- A durable power of attorney allows your loved ones and adult children to avoid having to ask the probate court to impose a conservator on you.
- You are able to include any advance directives you may desire.
- A durable power of attorney expires upon the death of the principal. It cannot be used to settle an estate, for which a last will or living trust (or both) must be created.
- There is no active oversight of the actions of the agent under a durable power of attorney, meaning that if the agent is dishonest, there may be no recourse.
- The principal must be competent when signing or revoking a durable power of attorney. If they become incapacitated beforehand, it is too late to create one.
- If the principal decides to revoke the durable power of attorney, they must contact all third parties that are affected by the revocation.
What Should I Consider When Choosing an Agent for My Durable Power of Attorney?
Choosing the right agent is an important decision, as they will be responsible for making decisions on your behalf and carrying out your wishes.
Here are some factors to consider when selecting an agent for your DPOA:
Trustworthiness: It’s important to choose someone you trust to act in your best interests and follow your instructions to the best of their ability. This could be a family member, adult child, trusted friend, or a professional such as an attorney or licensed private fiduciary.
Availability: Consider the availability of the person you are considering as your agent. If you are incapacitated and need your agent to make decisions on your behalf, you’ll want to make sure they are available to do so.
Capability: The agent you choose should be capable of handling the responsibilities associated with the DPOA. If you are granting financial powers, for example, you’ll want to choose someone who is financially savvy and capable of managing your financial affairs. Familiarity with family law and elder law may be helpful.
Compatibility: It’s important to choose an agent who shares your values and beliefs, as they will be making decisions on your behalf. You’ll want to choose someone who you believe will make decisions that align with your wishes.
Reliability: Consider the reliability of the person you are considering as your agent. If you are incapacitated and need your agent to make decisions on your behalf, you’ll want to make sure they are reliable and will follow through on their responsibilities.
What Do I Need to Do to Set Up a Durable Power of Attorney?
Creating a durable power of attorney involves a few simple steps:
- Choose your agent: As mentioned above, it is important to carefully consider your options and choose an agent you trust and who is capable of handling the responsibilities of the role.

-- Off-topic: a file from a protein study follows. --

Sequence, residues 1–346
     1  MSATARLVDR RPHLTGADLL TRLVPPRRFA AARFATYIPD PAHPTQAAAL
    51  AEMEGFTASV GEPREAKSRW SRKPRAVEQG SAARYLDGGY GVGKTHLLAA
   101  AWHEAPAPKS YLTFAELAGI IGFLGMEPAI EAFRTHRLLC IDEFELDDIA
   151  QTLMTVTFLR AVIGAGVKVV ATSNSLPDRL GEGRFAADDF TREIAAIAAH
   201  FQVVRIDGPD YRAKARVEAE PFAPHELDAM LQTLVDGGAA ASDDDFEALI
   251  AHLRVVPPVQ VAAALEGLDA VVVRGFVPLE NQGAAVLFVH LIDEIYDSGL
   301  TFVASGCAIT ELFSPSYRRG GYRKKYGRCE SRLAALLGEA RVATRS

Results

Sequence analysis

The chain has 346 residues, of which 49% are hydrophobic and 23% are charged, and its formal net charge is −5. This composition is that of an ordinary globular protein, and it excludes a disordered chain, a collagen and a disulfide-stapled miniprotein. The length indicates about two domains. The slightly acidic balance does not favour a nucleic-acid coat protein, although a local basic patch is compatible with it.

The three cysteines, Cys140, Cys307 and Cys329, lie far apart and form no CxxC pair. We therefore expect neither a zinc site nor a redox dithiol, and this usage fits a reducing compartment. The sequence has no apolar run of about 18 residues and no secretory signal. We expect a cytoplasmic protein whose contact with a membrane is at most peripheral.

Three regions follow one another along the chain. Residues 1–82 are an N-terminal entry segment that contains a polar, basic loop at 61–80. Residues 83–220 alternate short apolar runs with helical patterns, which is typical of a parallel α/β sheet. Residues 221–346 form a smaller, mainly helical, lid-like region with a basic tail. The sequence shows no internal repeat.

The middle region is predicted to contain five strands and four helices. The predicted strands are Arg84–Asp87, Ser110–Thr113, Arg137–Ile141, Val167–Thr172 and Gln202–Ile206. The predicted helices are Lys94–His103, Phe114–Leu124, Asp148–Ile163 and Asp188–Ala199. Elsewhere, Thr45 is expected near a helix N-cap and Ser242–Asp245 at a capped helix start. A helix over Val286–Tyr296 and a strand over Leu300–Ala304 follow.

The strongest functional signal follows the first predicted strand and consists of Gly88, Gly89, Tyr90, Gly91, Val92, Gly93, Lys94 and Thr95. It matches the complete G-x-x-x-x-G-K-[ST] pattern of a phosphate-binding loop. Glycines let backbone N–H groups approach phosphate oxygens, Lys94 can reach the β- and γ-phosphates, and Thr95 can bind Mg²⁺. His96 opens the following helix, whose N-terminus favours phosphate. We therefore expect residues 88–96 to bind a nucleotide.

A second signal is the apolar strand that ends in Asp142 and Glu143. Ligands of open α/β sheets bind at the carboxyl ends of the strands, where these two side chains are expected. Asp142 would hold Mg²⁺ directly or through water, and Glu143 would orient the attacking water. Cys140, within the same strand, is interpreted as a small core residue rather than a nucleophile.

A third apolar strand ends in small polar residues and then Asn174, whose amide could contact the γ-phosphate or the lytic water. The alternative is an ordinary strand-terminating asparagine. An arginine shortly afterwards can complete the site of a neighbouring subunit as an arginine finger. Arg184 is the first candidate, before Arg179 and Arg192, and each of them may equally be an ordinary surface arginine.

- Determine the scope of the agent’s powers: Your durable power of attorney should clearly outline the powers you are granting to your agent. Be as specific as possible to ensure that your agent has the authority to act in accordance with your wishes.
- Choose a successor agent: In the event that your primary agent is unable or unwilling to serve, you should have a successor agent to step in.
- Have the document drafted: You can either use a state provided template or have a durable power of attorney drafted by an attorney. If you choose to use the template, be sure to use a POA form that is specific to your state and follow the directions closely. If you choose to have it drafted by an attorney, they will be able to advise you on the specific requirements for your state and ensure that the document is properly executed.
- Sign the document in front of witnesses and a notary: In order for the durable power of attorney to be effective, it must be signed by you (the principal), a witness, and a notary. Different states have different execution requirements.
Can You Revoke a Durable Power of Attorney?
Yes, you can revoke a durable power of attorney at any time, as long as you are competent to do so (not under any incapacity). To revoke the document, you will need to inform your agent in writing and provide copies of the revocation to any third parties that may be affected by the revocation, such as financial institutions or healthcare providers.
Should You Use an Attorney to Draft Your Durable POA?
There are several reasons why you should consider using an attorney to draft a power of attorney (POA). An attorney is trained in the legal issues surrounding POAs and can ensure that the document is properly executed and meets all legal requirements. They can also help you tailor the POA to fit your specific needs and goals, and advise you on the best course of action for your situation. Using an attorney can also help to avoid misunderstandings or conflicts between you and your agent by clearly explaining the responsibilities of the agent and ensuring that both parties understand their roles and obligations. Overall, using an attorney to draft a POA can provide peace of mind and ensure that the document is legally sound and effective.
Our estate planning and administration attorneys at Copper State Planning have the expertise to carefully craft any power of attorney agreement you may need. Contact us at our Phoenix law office by calling 480-442-6413 or by filling out our confidential contact form for a consultation.